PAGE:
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Millennials, generation Y or any other marketing terms used to describe those aged between 18 and 35 have become something akin to catnip for the financial services industry.

Adding the word millennials to the headline of an FT story — in the same vein as adding gold, oil or Goldman Sachs — is proving to be a huge draw for readers and an easy win for those that measure the success of a news item by how many clicks it generates.

Millennials are already the largest section of the US workforce and their disruptive behaviour as consumers is wreaking havoc on those industries struggling to keep up with how they spend their money.

Decision makers at large corporations are poring over as much information as they can to work out who these millennials are, where they can find them, and how they can win their business — and those at the top of money management companies are no different.

However, in an industry accused of being pale, male and stale, a reference to the preponderance of white middle-aged men working in the investment management market, the prospect of catching the attention of an influx of 18- to 35-year-olds is a particularly daunting one.

Research into generation Y has already shown that asset and wealth managers will have their work cut out to convince this new breed of investor to part with its money in the same way their parents and grandparents did. And the latest in a long line of studies on the topic makes for further uneasy reading.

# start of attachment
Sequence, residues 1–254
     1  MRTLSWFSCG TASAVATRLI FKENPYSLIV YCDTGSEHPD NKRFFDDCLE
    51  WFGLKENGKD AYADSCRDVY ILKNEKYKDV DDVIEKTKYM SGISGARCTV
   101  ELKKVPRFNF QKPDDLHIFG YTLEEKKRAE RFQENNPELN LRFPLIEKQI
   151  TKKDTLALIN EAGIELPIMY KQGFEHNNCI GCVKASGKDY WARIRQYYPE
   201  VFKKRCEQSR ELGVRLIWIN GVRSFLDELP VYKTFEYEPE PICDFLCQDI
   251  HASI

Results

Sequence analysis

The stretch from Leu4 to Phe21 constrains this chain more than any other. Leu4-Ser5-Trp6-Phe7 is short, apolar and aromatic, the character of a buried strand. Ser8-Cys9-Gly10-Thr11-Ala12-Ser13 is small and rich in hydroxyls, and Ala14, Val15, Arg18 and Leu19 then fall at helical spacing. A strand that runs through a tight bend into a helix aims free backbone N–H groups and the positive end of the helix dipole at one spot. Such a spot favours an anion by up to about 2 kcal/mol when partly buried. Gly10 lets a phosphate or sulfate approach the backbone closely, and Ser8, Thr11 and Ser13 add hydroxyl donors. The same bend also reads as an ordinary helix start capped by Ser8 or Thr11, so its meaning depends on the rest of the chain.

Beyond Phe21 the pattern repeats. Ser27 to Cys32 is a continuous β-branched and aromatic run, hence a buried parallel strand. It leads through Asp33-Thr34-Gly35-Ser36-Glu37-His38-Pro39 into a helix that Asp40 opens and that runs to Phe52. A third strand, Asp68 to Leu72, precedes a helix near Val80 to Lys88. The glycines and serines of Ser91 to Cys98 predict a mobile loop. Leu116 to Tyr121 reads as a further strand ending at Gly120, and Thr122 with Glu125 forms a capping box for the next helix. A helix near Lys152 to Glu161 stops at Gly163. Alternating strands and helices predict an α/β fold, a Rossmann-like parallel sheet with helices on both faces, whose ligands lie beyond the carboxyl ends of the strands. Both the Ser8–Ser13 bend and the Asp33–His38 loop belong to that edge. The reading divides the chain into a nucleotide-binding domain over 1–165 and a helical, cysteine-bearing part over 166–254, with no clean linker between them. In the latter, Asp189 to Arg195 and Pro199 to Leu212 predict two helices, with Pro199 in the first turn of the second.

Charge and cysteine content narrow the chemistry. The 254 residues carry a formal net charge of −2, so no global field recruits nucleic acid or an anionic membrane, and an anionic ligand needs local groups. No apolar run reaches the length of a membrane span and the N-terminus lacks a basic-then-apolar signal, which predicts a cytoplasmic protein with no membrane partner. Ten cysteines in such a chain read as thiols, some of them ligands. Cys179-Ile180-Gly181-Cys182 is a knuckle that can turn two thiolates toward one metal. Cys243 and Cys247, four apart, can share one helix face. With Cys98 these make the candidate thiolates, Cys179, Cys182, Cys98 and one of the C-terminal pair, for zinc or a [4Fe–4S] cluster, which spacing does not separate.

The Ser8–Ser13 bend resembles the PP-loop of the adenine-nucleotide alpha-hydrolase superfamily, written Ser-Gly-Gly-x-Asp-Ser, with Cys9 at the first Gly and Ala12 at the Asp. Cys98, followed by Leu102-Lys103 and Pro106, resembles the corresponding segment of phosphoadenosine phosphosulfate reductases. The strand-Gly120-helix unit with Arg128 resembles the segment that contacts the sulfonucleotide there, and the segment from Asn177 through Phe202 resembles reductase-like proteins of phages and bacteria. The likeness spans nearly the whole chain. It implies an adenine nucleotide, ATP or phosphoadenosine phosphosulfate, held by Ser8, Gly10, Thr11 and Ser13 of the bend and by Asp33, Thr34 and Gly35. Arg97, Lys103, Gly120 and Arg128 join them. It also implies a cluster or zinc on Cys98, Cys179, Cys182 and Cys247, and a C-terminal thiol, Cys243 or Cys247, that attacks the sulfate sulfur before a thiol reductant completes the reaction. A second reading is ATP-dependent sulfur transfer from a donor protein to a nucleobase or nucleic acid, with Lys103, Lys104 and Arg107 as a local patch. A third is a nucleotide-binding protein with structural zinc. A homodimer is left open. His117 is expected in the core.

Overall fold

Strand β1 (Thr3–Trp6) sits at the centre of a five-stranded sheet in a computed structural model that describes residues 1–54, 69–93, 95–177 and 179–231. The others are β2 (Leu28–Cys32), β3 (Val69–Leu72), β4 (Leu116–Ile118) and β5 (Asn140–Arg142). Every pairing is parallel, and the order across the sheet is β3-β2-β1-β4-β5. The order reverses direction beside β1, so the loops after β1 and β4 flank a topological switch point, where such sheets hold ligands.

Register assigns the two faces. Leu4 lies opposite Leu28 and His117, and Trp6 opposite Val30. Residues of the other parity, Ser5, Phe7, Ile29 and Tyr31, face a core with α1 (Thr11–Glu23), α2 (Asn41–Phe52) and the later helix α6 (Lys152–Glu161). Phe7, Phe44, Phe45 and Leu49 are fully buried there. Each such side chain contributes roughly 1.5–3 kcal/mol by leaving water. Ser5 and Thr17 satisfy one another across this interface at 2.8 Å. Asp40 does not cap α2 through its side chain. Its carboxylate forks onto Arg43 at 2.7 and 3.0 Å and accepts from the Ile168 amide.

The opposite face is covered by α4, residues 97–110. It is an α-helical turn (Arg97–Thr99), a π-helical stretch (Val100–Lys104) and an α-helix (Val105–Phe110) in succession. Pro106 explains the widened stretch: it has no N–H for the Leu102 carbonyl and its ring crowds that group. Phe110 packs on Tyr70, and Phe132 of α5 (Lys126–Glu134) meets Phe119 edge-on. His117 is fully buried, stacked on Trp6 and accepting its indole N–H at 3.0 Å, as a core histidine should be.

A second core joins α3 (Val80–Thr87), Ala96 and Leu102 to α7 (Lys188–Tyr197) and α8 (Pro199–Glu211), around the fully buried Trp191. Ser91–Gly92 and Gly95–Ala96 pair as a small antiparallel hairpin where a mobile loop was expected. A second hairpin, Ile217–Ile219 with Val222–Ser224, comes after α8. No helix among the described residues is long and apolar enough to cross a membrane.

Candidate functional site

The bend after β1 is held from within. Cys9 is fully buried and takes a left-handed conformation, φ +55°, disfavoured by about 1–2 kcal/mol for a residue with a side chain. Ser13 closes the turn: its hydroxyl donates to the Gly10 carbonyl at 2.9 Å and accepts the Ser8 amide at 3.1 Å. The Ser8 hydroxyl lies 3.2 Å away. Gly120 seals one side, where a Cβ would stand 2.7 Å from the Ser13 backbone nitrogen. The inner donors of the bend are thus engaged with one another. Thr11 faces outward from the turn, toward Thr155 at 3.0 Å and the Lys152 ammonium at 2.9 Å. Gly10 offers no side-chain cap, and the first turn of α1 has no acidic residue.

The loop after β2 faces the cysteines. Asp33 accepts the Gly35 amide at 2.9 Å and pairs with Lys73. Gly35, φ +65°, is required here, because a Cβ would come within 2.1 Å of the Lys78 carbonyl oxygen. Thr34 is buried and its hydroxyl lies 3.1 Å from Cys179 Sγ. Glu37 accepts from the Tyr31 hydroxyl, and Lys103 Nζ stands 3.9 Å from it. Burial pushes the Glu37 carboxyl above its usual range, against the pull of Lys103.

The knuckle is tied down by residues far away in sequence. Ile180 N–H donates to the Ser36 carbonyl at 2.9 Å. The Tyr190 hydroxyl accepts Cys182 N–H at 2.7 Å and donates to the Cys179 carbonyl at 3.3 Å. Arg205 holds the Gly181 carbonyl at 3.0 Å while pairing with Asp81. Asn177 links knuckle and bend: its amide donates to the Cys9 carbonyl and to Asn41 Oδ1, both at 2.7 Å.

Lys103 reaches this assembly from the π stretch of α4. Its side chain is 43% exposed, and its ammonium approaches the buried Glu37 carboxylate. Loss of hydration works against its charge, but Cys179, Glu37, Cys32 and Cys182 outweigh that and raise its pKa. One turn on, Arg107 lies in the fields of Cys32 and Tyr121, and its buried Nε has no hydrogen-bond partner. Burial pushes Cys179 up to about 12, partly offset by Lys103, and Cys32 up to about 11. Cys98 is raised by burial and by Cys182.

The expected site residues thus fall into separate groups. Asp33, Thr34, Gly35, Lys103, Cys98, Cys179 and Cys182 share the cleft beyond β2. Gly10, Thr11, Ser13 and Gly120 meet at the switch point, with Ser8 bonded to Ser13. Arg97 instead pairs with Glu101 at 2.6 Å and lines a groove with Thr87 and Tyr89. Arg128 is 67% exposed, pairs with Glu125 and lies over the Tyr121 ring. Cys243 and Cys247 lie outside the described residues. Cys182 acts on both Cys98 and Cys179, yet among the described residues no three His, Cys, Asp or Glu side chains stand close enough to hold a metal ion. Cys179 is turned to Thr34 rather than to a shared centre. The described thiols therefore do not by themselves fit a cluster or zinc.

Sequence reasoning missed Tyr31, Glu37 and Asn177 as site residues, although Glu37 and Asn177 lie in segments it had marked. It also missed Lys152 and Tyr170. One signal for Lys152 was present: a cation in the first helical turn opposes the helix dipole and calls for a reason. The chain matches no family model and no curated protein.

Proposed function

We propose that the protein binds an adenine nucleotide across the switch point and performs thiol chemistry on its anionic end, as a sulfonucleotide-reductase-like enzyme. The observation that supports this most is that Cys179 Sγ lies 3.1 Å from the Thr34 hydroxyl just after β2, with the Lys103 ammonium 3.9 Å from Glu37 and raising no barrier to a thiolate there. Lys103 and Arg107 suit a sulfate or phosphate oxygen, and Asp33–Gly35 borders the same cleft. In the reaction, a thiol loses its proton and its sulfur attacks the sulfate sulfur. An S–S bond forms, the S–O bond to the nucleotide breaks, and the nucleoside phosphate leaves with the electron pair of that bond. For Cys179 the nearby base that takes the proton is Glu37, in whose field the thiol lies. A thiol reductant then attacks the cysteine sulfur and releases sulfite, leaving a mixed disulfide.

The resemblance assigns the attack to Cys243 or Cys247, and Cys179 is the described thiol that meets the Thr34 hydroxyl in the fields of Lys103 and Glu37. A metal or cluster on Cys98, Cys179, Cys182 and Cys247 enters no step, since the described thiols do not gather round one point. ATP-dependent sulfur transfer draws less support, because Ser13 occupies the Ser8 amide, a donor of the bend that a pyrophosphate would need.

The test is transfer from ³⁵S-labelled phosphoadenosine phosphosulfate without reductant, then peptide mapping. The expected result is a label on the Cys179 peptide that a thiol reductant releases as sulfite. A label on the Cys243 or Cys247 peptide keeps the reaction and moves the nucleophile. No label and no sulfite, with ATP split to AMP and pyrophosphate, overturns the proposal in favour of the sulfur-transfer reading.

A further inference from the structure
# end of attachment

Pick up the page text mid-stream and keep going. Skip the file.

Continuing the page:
According to research from Legg Mason, the US fund house, which polled more than 5,000 wealthy individual investors across 19 countries, fewer than one-fifth of generation Y respondents said they would be prepared to hold an underperforming fund for more than a year before they dumped it.

In contrast, almost three times as many investors over the age of 40 said they would stick with a poorly performing fund, finds Legg Mason.

This poses a problem for an industry paid according to the amount of assets it gathers and, ultimately, retains. Any new assets are gratefully received, but the stickier those assets are, the better for fund managers.